The Western Corn Belt is running behind schedule with harvest this year, and so is Iowa. Both corn and soybean harvest within the state are nine points behind the 5-year-average.
“We had heavy fog, heavy dew, heavy moisture yesterday and about 100 percent humidity this morning,” said Jacob Lammert, a Treynor, Iowa farmer. “Even though it’s 80 degrees, the beans were running at 18.5 percent moisture this morning.”
A late start in the soybean field is becoming all too routine for western Iowa farmers. Calendar wise, it’s getting late, but the crop isn’t dry.
“Soybeans have been the struggle this year,” said Lammert. “There are a lot of beans out there yet. A lot of guys are further along on corn than beans.”
Late nights and weather holdups aren’t new this season. Lammert replanted earlier in the season. After a bone-dry June, the area received abundant precipitation in July and August.
“There are a lot of 70 bushel beans around here,” said Lammert. “Some corn is doing 230 to 250 bushels per acre. Some yields are higher than that.”
According to USDA’s October Crop Production report, the Iowa corn yield is forecast at 198 bushels per acre, meaning 58 bushels per acre for soybeans. Lammert said some drowned fields are pulling averages down. Overall, it’s still a good crop.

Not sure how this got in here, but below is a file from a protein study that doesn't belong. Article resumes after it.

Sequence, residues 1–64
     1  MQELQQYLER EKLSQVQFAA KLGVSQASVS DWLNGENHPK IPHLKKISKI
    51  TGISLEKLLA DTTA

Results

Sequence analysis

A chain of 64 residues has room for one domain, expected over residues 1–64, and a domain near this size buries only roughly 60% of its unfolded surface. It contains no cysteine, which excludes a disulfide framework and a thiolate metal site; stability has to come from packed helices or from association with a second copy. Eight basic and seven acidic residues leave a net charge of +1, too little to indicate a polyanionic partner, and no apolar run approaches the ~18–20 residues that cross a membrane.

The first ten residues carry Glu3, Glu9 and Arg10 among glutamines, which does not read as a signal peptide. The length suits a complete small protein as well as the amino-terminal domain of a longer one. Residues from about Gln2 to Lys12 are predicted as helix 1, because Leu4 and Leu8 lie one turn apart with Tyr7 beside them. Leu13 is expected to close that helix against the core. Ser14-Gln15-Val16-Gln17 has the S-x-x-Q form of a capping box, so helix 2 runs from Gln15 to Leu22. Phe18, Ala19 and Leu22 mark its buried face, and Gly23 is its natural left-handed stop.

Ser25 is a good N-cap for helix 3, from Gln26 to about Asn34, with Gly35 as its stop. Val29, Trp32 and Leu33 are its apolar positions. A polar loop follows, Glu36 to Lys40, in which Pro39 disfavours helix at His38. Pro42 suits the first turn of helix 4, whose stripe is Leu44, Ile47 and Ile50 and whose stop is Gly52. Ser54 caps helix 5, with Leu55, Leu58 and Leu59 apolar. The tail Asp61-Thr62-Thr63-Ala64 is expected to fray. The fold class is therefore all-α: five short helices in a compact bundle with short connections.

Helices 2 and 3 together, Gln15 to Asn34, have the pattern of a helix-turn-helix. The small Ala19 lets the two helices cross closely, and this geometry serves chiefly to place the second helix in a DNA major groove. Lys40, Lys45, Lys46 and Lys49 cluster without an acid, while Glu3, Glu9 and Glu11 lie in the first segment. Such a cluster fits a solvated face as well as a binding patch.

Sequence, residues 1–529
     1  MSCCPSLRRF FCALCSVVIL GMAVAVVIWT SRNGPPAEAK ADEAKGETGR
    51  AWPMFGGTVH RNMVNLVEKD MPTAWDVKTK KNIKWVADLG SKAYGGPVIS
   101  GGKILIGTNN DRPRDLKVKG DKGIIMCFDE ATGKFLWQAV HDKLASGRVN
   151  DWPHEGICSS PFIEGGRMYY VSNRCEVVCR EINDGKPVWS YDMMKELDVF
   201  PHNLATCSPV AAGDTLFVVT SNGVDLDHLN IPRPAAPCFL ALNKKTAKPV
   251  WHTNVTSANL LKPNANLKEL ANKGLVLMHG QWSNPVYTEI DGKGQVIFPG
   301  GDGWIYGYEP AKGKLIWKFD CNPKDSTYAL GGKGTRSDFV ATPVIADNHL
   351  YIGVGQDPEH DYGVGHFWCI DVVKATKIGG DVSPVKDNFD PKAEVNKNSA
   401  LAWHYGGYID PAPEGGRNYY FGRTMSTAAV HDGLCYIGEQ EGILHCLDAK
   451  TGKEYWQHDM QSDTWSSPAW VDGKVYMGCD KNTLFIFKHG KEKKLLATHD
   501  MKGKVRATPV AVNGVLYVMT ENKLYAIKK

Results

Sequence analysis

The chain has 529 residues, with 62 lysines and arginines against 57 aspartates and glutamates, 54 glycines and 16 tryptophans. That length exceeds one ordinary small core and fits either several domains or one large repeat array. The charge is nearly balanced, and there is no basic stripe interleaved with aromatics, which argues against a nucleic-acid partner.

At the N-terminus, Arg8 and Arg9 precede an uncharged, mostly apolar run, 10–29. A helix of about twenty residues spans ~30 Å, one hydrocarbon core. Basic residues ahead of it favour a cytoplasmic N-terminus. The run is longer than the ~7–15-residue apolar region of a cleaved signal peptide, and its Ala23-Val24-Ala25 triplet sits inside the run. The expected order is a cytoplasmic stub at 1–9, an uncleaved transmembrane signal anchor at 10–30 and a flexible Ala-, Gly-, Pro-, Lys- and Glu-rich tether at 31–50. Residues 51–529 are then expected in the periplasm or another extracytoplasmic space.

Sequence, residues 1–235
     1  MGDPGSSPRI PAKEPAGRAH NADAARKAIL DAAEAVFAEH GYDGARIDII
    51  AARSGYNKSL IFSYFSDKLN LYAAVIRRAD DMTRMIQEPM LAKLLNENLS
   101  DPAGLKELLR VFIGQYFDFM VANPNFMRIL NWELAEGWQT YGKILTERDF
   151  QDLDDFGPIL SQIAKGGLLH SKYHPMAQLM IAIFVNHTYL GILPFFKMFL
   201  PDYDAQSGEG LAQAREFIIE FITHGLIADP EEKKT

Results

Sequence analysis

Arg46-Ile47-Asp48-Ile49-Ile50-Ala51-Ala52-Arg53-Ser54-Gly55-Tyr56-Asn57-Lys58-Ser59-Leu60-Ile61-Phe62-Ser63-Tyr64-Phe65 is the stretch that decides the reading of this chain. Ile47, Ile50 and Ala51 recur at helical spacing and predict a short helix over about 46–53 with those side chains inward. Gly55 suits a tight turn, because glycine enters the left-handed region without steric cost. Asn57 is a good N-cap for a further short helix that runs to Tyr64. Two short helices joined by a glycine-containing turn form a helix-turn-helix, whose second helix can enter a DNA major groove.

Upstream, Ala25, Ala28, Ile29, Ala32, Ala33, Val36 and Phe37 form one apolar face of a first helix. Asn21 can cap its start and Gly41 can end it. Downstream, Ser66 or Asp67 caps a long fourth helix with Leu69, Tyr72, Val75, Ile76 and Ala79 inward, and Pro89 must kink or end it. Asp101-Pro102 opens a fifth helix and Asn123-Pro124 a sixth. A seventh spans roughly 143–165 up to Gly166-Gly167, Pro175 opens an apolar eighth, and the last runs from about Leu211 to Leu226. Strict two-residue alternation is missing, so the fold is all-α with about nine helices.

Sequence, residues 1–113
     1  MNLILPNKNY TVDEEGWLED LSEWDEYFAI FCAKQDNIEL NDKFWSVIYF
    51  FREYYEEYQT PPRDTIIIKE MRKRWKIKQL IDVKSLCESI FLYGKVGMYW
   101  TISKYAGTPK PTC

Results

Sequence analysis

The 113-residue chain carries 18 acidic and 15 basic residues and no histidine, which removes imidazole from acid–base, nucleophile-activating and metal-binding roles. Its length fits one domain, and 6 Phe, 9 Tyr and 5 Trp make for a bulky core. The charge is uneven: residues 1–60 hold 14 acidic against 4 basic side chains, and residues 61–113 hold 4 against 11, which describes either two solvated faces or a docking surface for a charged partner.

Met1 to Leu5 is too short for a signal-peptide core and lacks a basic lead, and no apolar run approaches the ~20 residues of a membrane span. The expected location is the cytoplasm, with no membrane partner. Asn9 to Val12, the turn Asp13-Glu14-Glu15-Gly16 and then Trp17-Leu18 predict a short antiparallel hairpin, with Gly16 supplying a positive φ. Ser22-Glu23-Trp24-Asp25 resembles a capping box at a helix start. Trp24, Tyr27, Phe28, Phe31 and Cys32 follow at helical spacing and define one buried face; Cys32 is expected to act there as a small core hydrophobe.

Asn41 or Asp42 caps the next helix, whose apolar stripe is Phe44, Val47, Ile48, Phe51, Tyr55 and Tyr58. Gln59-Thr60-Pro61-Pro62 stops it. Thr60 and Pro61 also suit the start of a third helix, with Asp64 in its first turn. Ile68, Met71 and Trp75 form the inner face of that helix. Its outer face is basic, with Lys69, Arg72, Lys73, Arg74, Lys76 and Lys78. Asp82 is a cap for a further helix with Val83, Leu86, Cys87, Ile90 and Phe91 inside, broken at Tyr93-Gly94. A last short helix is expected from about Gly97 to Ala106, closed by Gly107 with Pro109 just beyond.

“In the hills where you don’t have flooded issues, I’m sure it’s the beat bean crop we’ll ever have around here,” said Lammert. “Corn crop probably is too.”
Moisture is high in Underwood, Iowa for farmer Eric Hough. The drier is in high gear.
“Mother Nature has dealt us a bit of a handful,” said Hough. “It’s been a little bit wetter for this harvest than maybe we’re accustomed to seeing.”
This year is a bit different for Hough because he isn’t cutting a single soybean. He made the decision to put all of his acres into corn.
“Marketwise, when we made the decision, we were staring at $8.75 soybeans,” said Hough. “Obviously, we’ve had quite a bit of improvement since then.”
It’s a decision he may not make next year.
“I try to not look back on it too much,” said Hough. “You made the decision and you have to stick with it. I could tell you that we’ve had talks on our operation that there will probably be some soybeans next year.”
Although yields in his area seem to be trend line or above this season, Hough said 2015 brought great yields, making up for hail damage in 2014.
“No one is saying it's bad,” said Hough. “It's just not the bin buster we had last year."
Despite yields, farmers are working to get the crop out of the ground with the hope winter doesn’t come early.
“We’ll have to run until I can’t get the beans out of the pod anymore,” said Lammert.